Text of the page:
Pedestrians are reflected on an electronic stock board at a securities firm in Tokyo, Friday, Jan. 22, 2016.
Japan’s Nikkei share average scored its biggest single-day gain in 4-1/2 months on Friday, helped by a weaker yen, a bounce in oil prices and a hint of more stimulus from European Central Bank president Mario Draghi. Speculation for more easing also favoured Tokyo shares amid the hope that the Bank of Japan would opt for additional stimulus at its January 28-29 policy meeting.
In early European trading, France’s CAC 40 added 2.1 percent to 4,923.55 and Germany’s DAX rose 1.6 percent to 9,729.57.
Draghi said euro-area monetary policy will diverge from the USA for a while.
At the previous ECB meeting in December, the rate had been cut from -0.2% in an attempt to push banks to lend instead of parking money at the ECB.
The ECB is already pumping €60bn a month into markets via bond purchases and has slashed its main interest rate to 0.05%, but Mr Draghi said it would “review and reconsider” this in March in the wake of the latest global turmoil and that there were “no limits” to how far it could go.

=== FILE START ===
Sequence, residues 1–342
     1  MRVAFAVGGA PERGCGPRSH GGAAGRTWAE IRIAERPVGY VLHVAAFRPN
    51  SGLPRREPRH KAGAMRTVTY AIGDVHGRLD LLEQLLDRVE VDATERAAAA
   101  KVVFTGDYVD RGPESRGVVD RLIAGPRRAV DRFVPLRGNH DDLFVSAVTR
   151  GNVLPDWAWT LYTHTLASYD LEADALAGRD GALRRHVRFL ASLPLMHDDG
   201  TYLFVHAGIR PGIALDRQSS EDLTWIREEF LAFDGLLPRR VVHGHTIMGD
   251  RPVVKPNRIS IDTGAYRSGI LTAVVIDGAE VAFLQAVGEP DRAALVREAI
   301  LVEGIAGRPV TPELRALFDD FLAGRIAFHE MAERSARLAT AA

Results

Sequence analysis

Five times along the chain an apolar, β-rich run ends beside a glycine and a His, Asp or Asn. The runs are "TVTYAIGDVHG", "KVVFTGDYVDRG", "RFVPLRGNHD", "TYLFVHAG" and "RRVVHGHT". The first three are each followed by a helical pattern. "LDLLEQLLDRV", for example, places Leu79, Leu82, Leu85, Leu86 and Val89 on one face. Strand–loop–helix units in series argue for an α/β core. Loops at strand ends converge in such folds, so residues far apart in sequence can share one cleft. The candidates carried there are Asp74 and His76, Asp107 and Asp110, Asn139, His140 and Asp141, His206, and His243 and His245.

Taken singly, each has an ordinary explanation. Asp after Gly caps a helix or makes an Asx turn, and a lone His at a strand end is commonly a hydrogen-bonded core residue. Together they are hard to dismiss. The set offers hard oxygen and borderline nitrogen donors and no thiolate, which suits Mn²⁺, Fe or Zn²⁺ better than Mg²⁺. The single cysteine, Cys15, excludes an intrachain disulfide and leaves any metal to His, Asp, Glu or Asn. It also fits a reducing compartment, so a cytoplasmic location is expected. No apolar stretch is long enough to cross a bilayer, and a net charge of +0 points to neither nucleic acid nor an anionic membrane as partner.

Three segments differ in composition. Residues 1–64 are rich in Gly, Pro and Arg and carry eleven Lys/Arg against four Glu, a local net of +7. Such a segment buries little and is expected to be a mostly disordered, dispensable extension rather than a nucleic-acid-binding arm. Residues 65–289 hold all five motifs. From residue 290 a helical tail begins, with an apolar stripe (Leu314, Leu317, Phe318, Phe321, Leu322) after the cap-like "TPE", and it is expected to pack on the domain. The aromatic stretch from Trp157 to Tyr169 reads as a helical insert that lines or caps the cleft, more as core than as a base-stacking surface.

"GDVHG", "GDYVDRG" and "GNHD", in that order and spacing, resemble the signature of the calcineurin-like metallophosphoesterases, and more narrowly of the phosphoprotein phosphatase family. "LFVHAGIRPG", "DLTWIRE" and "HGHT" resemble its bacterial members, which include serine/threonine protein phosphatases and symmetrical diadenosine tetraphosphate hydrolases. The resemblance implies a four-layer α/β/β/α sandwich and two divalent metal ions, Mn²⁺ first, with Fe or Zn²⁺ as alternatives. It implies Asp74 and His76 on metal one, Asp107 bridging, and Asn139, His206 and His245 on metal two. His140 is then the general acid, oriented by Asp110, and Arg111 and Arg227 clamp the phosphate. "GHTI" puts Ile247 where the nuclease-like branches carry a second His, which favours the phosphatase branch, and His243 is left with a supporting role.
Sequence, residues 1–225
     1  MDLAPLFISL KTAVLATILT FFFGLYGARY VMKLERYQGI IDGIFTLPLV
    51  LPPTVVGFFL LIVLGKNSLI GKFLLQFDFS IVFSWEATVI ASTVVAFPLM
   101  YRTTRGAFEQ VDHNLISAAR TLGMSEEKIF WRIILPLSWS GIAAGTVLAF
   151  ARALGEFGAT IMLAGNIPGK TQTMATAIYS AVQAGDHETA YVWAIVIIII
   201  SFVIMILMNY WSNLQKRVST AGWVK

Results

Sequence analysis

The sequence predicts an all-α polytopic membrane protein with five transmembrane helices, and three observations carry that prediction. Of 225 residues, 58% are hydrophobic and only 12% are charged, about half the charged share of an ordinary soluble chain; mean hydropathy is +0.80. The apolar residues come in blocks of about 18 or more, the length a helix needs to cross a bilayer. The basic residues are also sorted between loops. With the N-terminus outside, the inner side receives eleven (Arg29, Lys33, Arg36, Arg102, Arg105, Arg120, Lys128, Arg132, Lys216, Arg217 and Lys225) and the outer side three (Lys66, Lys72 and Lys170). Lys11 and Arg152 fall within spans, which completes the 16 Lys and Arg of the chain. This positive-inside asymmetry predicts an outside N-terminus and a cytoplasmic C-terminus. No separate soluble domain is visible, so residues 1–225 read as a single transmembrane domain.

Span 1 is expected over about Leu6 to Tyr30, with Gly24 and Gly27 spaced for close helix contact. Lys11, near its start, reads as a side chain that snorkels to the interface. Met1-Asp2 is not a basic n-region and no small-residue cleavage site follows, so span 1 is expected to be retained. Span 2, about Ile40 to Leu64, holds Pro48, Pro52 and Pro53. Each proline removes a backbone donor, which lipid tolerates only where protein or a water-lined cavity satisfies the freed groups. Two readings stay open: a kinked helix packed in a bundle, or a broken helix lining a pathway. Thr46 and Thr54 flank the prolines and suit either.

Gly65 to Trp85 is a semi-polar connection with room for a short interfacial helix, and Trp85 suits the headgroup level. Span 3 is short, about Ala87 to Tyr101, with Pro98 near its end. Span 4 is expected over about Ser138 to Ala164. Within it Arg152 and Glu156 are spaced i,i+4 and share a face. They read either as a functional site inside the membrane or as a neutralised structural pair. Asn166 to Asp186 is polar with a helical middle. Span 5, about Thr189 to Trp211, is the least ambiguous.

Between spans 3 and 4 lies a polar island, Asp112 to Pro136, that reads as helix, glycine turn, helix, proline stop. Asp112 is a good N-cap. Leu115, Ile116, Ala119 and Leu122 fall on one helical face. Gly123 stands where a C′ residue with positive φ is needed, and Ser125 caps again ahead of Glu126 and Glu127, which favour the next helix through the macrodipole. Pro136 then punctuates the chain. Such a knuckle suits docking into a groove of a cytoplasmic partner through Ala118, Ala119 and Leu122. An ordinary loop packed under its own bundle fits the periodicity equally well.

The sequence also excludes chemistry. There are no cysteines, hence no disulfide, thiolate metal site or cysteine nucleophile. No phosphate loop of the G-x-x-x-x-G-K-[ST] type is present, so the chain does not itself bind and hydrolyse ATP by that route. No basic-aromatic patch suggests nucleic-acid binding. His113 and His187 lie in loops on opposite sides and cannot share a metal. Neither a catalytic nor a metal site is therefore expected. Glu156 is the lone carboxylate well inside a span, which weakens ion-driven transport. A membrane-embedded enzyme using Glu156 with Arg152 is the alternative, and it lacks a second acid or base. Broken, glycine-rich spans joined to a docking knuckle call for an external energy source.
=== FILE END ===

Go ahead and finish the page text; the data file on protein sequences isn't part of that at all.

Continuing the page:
Japan’s Nikkei surged 5.9pc at the close, the most in more than four months, moving away from a 15-month low struck Thursday.
The Hang Seng China Enterprises Index rose 1.8 percent at the noon break.
In the United Kingdom, the FTSE 100 gained 100.21 points to close 1.8 percent higher at 5,773.79 yesterday, having entered bear market territory earlier this week. Benchmarks in Taiwan, Southeast Asia and New Zealand also ended higher.
USA crude oil CLc1 extended a rally made overnight after data showed stockpiles at some US sites did not grow as much as forecast, providing participants in the battered market with an incentive to cover short positions.
World stocks recorded their biggest rise in a month and Asian stocks their best day in three months.
Energy shares led the advance in US stocks, which surged more than 1 percent in morning trading. Brent crude, a benchmark for worldwide oils, rose $1.52 to $30.78 a barrel in London.
The dollar was up 0.3 percent against the yen at 118.03 yen, pulling away from a one-year trough of 115.97 struck earlier this week against the safe-haven Japanese currency. AP material published by LongIsland.com, is done so with explicit permission. The euro weakened on the prospect of further stimulus, slipping to $1.0845 from $1.0851. Doing so may result in civil and/or criminal penalties.